Lara Trump faces swift backlash after claiming Nancy Pelosi was ‘warned’ about Jan 6 violence

As Fox News personalities and Trump aides come under scrutiny from texts to Mark Meadows, Lara Trump claims ex-president ‘tried to warn them’ about attacks

Alex Woodward
New York
Thursday 16 December 2021 11:42 EST
Lara Trump claims former president 'tried to warn' about Capitol violence

Lara Trump, the wife of Donald Trump’s second son Eric, has suggested that the former president “warned” House Speaker Nancy Pelosi and other officials about threats of violence as his supporters attacked the US Capitol on 6 January.

She told Fox News on 15 December that the Capitol did not have “adequate security” on 6 January, echoing similar deflections from other Republican officials who claimed that lawmakers failed to protect the Capitol that day as they scrambled for law enforcement support, but she did not address why a mob of Trump supporters stormed the halls of Congress in the first place, following months of attempts to undermine the outcome of the 2020 presidential election.

“These people know – whether it’s Adam Schiff, whether it’s Liz Cheney, whether it’s [Adam] Kinzinger – they all know Donald Trump didn’t orchestrate this whole thing. He didn’t tell people to go to the Capitol and break in,” she said in one widely derided clip shared on social media.

“But he tried to warn them,” she added. “So many people tried to warn Nancy Pelosi, so why didn’t they have the adequate security there?”

Her appearance on the network defending her father-in-law’s response to the riots follows revelations that his allies – while publicly amplifying baseless election fraud conspiracy theories that fuelled the attack, then turning the blame on Democrats in the aftermath – had pleaded in text messages to his chief of staff Mark Meadows urging the president to stop it.

“He’s got to condemn this s*** ASAP. The Capitol Police tweet is not enough,” the president’s eldest son Donald Trump Jr wrote in a text to Mr Meadows, according to texts obtained by the House select committee investigating the attack.

“He has to lead now. It has gone too far and gotten out of hand,” he added.

Mr Meadows reportedly texted in response: “I’m pushing it hard.”

As rioters organised online and discussed plans for violence ahead of 6 January, when Congress convened to certify electoral college results, Mr Trump on 19 December 2020 called on his supporters to gather in Washington DC and “be there, will be wild!”

“JANUARY SIXTH, SEE YOU IN DC!” he said on Twitter on 30 December.

On New Year’s Day, he announced a “BIG Protest Rally” followed by “StopTheSteal!”

In his speech that day, he said “we will never concede. It will never happen. You don’t concede when there’s theft involved. Our country has had enough. We will not take it anymore.”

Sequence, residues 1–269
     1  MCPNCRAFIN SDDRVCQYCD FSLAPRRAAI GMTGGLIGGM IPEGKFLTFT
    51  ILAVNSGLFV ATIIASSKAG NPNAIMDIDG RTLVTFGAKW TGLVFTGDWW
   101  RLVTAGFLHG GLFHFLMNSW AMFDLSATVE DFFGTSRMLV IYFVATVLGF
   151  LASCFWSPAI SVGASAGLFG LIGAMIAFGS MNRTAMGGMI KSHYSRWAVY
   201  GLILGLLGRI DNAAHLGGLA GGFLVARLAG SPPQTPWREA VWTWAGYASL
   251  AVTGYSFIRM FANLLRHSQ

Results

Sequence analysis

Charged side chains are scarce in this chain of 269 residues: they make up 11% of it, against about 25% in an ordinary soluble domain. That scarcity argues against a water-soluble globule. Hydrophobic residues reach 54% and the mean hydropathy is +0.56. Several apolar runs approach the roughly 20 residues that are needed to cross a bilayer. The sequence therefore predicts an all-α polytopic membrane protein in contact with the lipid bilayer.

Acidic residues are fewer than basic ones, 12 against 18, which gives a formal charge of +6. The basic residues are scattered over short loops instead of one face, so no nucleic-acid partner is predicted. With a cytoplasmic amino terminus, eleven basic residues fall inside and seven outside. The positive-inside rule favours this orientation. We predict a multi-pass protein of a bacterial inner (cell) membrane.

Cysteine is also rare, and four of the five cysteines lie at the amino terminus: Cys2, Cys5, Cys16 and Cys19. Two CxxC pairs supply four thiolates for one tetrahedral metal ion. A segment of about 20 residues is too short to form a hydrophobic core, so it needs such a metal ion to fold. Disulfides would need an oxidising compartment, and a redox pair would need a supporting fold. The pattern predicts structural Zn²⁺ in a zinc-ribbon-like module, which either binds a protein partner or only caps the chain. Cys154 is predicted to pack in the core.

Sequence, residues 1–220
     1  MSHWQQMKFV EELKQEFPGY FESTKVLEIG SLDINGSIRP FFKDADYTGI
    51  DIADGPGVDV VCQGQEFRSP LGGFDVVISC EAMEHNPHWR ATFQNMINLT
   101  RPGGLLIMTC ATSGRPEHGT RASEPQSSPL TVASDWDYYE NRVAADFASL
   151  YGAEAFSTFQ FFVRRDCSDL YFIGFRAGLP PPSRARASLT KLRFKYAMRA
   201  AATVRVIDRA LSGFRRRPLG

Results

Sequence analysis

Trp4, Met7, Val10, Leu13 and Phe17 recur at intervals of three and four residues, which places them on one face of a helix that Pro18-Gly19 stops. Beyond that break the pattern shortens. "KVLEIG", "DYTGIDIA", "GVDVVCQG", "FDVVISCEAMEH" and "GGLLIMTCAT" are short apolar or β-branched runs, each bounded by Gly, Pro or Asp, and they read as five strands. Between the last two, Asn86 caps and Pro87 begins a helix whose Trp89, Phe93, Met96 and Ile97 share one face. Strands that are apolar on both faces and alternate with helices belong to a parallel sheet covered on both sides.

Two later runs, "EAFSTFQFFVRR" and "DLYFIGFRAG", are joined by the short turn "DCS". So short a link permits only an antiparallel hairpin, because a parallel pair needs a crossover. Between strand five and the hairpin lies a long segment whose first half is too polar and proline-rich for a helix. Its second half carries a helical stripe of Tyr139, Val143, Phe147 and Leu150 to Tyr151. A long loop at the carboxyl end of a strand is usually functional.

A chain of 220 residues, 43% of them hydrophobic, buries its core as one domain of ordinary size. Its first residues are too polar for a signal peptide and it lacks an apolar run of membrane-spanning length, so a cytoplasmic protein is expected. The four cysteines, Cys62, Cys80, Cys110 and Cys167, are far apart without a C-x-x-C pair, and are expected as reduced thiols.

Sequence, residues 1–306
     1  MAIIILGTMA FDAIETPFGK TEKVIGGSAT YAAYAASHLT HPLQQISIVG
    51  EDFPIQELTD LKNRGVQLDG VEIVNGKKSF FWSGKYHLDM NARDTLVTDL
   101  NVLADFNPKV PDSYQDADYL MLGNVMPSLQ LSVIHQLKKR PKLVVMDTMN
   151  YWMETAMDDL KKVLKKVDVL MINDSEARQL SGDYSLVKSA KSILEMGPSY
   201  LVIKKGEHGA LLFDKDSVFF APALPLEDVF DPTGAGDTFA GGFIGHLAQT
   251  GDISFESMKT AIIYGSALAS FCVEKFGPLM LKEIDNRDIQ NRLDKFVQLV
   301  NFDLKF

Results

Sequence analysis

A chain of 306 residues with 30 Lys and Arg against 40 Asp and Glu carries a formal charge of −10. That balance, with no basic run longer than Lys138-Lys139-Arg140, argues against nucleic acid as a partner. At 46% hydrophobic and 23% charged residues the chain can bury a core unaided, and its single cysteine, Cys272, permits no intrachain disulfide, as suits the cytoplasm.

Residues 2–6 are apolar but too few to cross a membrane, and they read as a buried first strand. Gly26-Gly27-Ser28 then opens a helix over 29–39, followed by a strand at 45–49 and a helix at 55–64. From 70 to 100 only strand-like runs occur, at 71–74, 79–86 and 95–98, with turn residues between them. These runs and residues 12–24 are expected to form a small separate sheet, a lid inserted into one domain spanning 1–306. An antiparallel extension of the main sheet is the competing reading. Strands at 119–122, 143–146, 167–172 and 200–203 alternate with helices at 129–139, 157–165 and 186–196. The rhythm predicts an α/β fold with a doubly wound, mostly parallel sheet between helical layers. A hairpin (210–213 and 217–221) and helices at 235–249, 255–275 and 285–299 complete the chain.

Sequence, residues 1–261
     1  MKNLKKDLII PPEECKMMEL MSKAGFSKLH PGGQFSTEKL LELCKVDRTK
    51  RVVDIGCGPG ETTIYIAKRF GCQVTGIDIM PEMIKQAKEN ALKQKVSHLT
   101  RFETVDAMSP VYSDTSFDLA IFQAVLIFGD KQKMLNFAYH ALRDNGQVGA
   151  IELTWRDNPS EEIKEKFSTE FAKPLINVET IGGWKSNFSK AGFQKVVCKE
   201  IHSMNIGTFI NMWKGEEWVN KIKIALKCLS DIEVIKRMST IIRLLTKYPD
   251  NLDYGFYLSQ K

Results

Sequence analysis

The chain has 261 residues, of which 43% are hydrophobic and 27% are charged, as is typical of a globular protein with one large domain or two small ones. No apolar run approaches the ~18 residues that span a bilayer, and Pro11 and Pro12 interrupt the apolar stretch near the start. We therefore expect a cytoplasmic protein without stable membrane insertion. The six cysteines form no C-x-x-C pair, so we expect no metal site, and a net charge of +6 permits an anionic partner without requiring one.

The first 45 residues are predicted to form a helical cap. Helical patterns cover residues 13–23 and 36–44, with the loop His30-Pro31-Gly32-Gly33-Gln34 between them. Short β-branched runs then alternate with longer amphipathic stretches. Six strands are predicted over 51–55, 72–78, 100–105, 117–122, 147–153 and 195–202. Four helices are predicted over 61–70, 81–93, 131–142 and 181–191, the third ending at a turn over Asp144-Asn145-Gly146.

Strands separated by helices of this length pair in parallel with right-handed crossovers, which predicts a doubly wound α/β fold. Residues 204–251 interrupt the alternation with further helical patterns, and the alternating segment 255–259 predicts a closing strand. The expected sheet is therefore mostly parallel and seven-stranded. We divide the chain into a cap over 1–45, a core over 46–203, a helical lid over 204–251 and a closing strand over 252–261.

He also condemned his vice president Mike Pence for lacking “the courage to do what should have been done to protect our Country and our Constitution.”

In his speech he said “we’re going to walk down, and I’ll be there with you, we’re going to walk down, we’re going to walk down.”

He also added that “you’ll never take back our country with weakness. You have to show strength and you have to be strong. We have come to demand that Congress do the right thing and only count the electors who have been lawfully slated, lawfully slated.”

The former president waited hours to direct his supporters on-camera to leave the building, while texts obtained by the House committee reveal several lawmakers, journalists and Fox News personalities including Laura Ingraham and Sean Hannity called on Mr Meadows to stop the assault.

After messages from Fox News hosts were revealed on Monday, and largely ignored by the network until the following night, top network personalities claimed that they have remained consistent in their views on the attack and assailed news media and the committee itself, which they claim is politically motivated.

While hosts publicly condemned acts of violence, they did not appear to link any of the events to Mr Trump, his baseless fraud narrative, his allies’ incitement and other right-wing calls for action in an attempt to forcefully reject the outcome from millions of Americans’ votes.

“Can he make a statement? Ask people to leave the Capitol,” Hannity wrote, according to texts obtained by the committee.

On his radio broadcast that day, he said that “we had the reports that groups like antifa, other radical groups – I don’t know the names of all of them – that they were there to cause trouble.”

“We also knew that there’s always bad actors that will infiltrate large crowds. I don’t care if they’re radical left, radical right, I don’t know who they are, they’re not people I would support,” he said.

“Mark, the President needs to tell people in the Capitol to go home. This is hurting all of us. He is destroying his legacy,” Ms Ingraham wrote, according to messages obtained by the committee.

Later that day on the network, she claimed that “the Capitol was under siege by people who can only be described as antithetical to the MAGA movement” and that “antifa sympathizers may have been sprinkled throughout the crowd.”

The House of Representatives voted to refer Mr Meadows to the US Department of Justice for contempt of Congress after his refusal to appear before the committee.

The Independent has requested comment from Lara Trump.

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